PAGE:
How to Install and Configure Linux NTP Server and Client NTP is a protocol that allows computers to synchronize time over networks for an accurate time

Install ntp

The ntp package contains utilities and daemons that will synchronize your computer’s time to Coordinated Universal Time (UTC) via the NTP protocol and NTP servers. The ntp packageincludes ntpdate (a program for retrieving the date and time from remote machines via a network) and ntpd (a daemon which continuously adjusts system time). Install the ntp package:

# yum install ntp

How do I configure an NTP Client?

Simply open /etc/ntp.conf file, enter:

# vi /etc/ntp.conf

Make sure the following line exists:

server ntp.server.com

Configure an NTP Server

If you have lots of server and desktop system, configure your own NTP server. Your NTP server contacts a central NTP server,provided by your ISP or a public time
server located at ntp.org, to obtain accurate time data. The server then allows other machines on your network to request the time data. Our sample setup:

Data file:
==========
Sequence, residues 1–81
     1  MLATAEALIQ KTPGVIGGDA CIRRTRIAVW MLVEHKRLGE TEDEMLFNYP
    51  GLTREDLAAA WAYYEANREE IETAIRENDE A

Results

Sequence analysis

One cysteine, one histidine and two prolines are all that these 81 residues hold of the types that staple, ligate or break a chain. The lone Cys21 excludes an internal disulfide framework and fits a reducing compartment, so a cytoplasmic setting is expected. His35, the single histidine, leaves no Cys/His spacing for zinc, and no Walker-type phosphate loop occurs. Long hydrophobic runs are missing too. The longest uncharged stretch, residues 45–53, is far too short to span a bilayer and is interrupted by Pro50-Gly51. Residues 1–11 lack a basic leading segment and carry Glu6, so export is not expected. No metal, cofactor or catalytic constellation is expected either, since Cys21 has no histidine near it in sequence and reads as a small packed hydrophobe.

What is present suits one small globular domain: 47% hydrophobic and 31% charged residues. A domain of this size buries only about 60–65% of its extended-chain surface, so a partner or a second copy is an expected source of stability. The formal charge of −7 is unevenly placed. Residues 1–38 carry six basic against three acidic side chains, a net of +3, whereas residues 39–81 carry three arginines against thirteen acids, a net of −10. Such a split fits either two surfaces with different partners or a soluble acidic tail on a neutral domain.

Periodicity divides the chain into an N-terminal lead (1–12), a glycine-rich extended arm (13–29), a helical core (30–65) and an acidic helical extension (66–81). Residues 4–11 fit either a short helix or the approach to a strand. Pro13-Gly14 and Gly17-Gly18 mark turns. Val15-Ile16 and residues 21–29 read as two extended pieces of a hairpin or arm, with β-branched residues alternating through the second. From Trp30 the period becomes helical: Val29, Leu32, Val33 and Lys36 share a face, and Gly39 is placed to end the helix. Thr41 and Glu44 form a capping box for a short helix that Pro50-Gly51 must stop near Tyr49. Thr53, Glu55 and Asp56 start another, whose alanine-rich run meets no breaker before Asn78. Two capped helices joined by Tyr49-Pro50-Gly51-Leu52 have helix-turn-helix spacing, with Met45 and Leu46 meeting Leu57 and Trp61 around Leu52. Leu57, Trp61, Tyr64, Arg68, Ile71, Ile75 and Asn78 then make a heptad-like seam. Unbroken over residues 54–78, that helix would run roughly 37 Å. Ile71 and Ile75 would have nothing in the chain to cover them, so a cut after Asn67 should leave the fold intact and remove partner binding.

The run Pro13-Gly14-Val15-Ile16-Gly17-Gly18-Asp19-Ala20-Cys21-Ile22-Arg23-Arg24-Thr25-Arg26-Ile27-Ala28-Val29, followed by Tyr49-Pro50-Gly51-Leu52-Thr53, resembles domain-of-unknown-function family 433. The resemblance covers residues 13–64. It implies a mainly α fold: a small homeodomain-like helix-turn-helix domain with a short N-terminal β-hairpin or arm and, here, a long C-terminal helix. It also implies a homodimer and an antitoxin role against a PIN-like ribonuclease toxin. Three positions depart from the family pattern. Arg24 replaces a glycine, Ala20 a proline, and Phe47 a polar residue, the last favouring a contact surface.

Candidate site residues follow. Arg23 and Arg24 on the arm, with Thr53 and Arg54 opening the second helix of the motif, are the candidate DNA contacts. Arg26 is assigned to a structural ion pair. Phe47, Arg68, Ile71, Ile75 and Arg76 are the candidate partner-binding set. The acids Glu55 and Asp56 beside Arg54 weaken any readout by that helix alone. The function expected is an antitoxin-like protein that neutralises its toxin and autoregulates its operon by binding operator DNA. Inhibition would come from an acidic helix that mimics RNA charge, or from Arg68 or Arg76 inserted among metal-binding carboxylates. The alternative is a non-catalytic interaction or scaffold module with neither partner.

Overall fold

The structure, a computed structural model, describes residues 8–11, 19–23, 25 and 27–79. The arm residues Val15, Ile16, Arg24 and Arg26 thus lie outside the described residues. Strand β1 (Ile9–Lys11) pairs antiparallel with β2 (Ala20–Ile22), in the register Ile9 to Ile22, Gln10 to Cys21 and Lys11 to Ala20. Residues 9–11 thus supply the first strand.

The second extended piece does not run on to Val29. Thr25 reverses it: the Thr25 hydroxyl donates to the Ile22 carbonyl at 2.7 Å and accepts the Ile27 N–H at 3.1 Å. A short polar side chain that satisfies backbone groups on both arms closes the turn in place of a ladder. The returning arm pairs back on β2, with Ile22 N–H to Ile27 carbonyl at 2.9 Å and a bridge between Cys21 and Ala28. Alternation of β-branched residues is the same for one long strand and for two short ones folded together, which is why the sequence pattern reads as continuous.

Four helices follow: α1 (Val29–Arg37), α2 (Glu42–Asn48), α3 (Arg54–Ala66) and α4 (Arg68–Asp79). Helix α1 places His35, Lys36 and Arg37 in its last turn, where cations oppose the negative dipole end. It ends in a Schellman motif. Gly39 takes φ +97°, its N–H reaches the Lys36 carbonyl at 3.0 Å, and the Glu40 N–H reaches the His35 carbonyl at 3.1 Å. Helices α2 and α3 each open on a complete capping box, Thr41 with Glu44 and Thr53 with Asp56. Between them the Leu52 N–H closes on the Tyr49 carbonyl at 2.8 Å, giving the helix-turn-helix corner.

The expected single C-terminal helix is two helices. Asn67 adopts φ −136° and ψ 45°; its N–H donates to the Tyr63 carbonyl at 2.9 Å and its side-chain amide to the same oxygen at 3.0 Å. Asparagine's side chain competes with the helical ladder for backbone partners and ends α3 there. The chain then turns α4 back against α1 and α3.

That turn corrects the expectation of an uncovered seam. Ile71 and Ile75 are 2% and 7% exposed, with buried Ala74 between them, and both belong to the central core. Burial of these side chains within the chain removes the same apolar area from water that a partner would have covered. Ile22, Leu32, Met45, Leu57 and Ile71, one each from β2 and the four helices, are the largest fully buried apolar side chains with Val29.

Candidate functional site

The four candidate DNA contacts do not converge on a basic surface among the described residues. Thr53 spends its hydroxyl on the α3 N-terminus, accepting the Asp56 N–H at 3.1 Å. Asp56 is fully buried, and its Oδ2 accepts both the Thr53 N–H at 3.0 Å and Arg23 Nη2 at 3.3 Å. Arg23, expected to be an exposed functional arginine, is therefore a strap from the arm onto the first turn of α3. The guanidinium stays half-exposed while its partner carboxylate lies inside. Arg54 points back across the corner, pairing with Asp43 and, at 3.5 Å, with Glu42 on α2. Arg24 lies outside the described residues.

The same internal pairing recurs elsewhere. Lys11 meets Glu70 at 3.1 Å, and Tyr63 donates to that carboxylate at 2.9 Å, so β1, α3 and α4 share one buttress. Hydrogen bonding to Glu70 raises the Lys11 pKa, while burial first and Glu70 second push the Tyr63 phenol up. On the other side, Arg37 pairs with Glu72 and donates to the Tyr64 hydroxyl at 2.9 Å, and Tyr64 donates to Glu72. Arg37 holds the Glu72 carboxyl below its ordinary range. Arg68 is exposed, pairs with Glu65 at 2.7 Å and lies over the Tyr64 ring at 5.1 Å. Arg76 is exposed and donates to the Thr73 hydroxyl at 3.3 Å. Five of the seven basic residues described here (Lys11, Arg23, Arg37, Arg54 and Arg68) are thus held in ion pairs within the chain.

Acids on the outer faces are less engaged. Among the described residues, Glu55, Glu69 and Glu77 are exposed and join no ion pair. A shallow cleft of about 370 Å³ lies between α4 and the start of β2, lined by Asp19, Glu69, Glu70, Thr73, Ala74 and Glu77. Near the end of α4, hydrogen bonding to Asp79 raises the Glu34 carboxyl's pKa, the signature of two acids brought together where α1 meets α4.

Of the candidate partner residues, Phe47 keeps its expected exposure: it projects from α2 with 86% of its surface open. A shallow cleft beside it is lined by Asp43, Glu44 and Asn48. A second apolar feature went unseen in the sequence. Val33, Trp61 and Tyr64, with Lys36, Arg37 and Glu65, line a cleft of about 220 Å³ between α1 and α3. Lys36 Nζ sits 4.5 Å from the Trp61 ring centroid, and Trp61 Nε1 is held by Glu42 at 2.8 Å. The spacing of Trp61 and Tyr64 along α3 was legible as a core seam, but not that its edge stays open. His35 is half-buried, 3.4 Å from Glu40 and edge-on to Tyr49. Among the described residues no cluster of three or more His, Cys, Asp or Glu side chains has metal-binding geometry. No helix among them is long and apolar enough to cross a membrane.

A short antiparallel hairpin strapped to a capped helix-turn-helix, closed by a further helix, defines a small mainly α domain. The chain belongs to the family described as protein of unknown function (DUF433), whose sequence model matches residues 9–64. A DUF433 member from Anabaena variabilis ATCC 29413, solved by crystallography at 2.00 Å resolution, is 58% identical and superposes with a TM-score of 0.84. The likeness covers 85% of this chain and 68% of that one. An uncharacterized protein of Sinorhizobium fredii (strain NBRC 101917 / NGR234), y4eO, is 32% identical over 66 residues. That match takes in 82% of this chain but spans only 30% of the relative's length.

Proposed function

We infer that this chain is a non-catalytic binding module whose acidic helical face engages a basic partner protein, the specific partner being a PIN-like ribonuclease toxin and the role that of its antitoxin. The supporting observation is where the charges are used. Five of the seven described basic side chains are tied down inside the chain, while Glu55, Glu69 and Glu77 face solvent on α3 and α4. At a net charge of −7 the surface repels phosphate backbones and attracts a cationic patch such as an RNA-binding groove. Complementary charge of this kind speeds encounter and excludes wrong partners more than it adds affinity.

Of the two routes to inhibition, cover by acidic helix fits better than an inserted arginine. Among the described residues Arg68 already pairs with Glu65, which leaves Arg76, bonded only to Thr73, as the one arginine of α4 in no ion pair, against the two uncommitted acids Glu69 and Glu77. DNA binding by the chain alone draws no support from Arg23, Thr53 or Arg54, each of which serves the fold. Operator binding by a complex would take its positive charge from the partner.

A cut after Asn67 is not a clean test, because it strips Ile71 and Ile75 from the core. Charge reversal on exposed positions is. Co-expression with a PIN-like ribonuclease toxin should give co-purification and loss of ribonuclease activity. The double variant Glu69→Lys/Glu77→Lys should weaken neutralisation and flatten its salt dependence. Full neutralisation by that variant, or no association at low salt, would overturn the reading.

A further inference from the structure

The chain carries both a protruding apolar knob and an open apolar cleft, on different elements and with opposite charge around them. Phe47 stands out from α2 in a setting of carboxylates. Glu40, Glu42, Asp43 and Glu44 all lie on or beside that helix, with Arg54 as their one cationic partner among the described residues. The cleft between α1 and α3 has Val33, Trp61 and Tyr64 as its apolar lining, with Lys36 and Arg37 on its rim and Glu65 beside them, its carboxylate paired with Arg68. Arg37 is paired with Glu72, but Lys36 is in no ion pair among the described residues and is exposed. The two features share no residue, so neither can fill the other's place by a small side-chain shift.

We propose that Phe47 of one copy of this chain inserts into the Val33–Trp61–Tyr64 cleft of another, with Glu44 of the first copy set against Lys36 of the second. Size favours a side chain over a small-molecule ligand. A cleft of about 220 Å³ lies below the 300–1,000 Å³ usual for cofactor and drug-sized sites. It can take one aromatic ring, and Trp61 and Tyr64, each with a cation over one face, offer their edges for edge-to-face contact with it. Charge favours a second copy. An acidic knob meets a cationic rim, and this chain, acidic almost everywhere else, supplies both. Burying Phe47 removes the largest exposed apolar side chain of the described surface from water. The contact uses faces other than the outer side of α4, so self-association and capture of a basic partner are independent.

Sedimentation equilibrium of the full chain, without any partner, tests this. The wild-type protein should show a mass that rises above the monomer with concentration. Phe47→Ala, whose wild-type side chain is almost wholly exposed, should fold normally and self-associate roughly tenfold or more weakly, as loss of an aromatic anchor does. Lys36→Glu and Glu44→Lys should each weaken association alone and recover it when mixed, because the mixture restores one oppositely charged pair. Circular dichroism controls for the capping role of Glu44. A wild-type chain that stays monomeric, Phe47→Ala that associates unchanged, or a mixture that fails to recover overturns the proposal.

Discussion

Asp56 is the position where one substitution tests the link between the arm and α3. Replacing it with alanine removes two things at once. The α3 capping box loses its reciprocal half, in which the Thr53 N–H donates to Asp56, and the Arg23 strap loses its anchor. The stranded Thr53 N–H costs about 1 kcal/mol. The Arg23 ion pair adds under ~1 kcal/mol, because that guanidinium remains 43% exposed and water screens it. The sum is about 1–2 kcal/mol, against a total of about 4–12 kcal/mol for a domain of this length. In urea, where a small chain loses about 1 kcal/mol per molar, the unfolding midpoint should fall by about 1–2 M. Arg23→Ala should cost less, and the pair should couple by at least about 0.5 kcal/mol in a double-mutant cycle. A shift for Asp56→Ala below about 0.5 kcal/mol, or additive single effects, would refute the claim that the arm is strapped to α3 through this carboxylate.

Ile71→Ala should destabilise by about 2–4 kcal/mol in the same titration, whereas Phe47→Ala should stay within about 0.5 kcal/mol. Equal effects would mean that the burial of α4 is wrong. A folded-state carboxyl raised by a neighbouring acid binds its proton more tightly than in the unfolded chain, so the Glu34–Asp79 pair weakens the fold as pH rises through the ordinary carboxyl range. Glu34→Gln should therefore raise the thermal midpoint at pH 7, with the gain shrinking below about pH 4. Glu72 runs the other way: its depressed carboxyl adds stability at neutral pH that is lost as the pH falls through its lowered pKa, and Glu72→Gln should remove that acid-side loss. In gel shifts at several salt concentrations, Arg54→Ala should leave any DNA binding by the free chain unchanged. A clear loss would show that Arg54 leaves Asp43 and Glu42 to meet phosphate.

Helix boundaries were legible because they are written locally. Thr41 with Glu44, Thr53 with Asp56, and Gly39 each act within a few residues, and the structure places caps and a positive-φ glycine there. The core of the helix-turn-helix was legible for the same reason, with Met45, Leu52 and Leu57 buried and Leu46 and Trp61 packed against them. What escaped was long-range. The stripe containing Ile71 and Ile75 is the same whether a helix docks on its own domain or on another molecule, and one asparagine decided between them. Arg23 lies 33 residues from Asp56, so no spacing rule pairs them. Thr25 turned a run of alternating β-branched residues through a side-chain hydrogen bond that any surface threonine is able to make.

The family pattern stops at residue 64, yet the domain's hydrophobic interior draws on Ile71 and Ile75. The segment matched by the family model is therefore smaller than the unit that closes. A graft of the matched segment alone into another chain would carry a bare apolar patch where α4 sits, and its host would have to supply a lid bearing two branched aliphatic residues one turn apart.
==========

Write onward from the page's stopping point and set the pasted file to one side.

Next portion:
192.168.1.5 ==> CentOS / Fedora / RHEL NTPD Server.
202.54.1.5 ==> ISP remote NTP server.
192.168.1.0/24 ==> NTP clients including desktop systems.

First, install and enable ntpd on 192.168.1.5:

# yum install ntp
# chkconfig ntpd on

Now open /etc/ntp.conf:

# vi /etc/ntp.conf

Make sure the following line exits:

restrict default ignore

Above will deny all access to any machine, server or client. However, you need to specifically authorized policy settings. Set it as follows:

restrict 202.54.1.5 mask 255.255.255.245 nomodify notrap noquery
server 202.54.1.5

Replace 202.54.1.5 and mask with actual remote ISP or ntp.org NTP server IP. Save and close the file.

Configure NTP clients to access your NTP Server

Now, you need to allow legitimate NTP clients to access the Server. For example, allow 192.168.1.0/24 network to synchronize to this server located at 192.168.1.5. Open /etc/ntp.conf and add policy as follows:

# Hosts on local network are less restricted.
restrict 192.168.1.0 mask 255.255.255.0 nomodify notrap

Update your firewall settings, open /etc/sysconfig/iptables.

# vi /etc/sysconfig/iptables

Add the following line, before the final LOG and DROP lines for the RH-Firewall-1-INPUT chain:

-A RH-Firewall-1-INPUT -s 192.168.1.0/24 -m state --state NEW -p udp --dport 123 -j ACCEPT

Save and close the file. Finally, start ntpd:

# service ntpd start
# service iptables restart
# netstat -tulpn

Usefull Command for check NTP

1) Check if the date (year, month, day, hour, minute, second) is allign